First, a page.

News / Europe

Russia Arrests Second Opposition Activist

This undated photo shows Leonid Razvozzhayev speaking in an undisclosed location and is provided by the Assocoated Press Television News, October 22, 2012.This undated photo shows Leonid Razvozzhayev speaking in an undisclosed location and is provided by the Assocoated Press Television News, October 22, 2012.
x
This undated photo shows Leonid Razvozzhayev speaking in an undisclosed location and is provided by the Assocoated Press Television News, October 22, 2012.
This undated photo shows Leonid Razvozzhayev speaking in an undisclosed location and is provided by the Assocoated Press Television News, October 22, 2012.
VOA News
Russian investigators say they have arrested a second opposition activist in a crackdown against opponents of President Vladimir Putin, after the activist turned himself in.

In a statement, Russia's Investigations Committee says Leonid Razvozzhayev, an assistant deputy of the opposition Just Russia party, admitted to involvement in organizing mass disturbances in Russia and taking part in May riots in Moscow.

But the activist's supporters say he was kidnapped in Ukraine, where he had gone to apply for refugee status.  A video on the website LifeNews shows Razvozzhayev shouting to reporters after his arrest Sunday that he was "tortured" and "stolen" out of Ukraine.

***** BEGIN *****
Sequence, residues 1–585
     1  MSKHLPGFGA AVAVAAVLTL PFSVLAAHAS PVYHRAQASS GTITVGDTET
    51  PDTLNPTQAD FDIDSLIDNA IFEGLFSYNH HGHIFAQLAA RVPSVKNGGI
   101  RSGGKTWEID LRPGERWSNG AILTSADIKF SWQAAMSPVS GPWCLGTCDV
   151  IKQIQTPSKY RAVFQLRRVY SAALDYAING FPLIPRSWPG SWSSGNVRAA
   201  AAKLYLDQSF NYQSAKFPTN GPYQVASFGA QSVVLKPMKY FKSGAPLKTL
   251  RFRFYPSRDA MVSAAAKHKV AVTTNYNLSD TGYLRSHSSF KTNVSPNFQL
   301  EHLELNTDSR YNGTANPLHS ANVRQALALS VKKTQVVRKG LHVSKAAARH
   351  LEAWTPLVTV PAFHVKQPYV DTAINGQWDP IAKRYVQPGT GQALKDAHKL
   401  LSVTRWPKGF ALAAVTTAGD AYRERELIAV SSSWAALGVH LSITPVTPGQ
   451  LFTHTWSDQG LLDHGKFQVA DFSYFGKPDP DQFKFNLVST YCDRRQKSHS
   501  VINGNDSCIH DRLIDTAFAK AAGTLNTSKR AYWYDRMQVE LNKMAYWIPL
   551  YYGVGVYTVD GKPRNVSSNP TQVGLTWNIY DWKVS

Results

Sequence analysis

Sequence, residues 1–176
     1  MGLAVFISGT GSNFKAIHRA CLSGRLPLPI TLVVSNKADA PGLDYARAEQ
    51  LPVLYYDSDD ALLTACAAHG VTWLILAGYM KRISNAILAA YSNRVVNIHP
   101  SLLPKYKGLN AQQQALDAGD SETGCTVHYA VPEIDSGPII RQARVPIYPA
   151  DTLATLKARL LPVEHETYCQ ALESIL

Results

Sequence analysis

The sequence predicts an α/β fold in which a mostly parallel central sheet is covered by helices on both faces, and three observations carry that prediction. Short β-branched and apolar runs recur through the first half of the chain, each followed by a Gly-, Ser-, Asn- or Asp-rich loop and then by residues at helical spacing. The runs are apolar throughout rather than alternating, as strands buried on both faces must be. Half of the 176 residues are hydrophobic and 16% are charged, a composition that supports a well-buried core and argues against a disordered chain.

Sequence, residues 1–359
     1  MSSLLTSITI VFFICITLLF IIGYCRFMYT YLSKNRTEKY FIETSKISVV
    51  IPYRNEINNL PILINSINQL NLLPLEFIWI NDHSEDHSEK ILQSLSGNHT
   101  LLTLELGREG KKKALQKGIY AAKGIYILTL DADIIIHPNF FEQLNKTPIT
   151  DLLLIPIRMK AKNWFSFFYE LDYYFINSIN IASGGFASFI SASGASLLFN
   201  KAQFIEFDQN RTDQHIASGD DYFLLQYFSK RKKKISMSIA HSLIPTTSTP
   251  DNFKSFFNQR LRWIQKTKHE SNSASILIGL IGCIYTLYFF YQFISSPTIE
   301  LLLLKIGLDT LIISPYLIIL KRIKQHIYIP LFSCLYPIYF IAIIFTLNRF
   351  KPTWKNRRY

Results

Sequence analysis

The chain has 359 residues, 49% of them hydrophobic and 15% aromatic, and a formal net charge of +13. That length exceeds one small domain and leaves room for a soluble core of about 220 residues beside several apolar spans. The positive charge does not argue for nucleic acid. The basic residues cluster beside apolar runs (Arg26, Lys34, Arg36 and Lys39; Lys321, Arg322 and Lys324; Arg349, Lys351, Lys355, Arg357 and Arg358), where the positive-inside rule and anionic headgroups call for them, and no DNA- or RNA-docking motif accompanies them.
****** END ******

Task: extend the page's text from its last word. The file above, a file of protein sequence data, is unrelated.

Razvozzhayev is the second suspect arrested in a probe launched last week against Left Front party leader Sergei Udaltsov and party member Konstantin Lebedev, who is in police custody.  

Meanwhile, a lawyer for the two convicted members of the anti-Kremlin all-female punk band Pussy Riot said they have been sent to prison camps far from Moscow.

Attorney Mark Feygin said Maria Alekhina was transferred to the Perm region in the Ural mountains and Nadezhda Tolokonnikova to the central province of Mordovia.

The two, along with a third band member, Yekaterina Samutsevich, were convicted in August of hooliganism motivated by religious hatred for an unsanctioned protest at a Moscow cathedral.

Alekhina and Tolokonnikova lost their appeals earlier this month.  A judge suspended Samutsevich's sentence, saying guards threw her out of the cathedral before she could take part in the performance.

The trio was arrested on the altar of Russia’s most prominent Orthodox cathedral in January, after they called on the Virgin Mary to deliver them from Russian President Vladimir Putin.

Samutsevich on Friday filed a complaint with the European Court of Human Rights, accusing Russia of violating her right to free speech and illegally detaining her in jail for six months.

The women have argued their impromptu performance was political in nature and not an attack on religion.

You May Like

Could Nemtsov Threaten Putin in Death as in Life?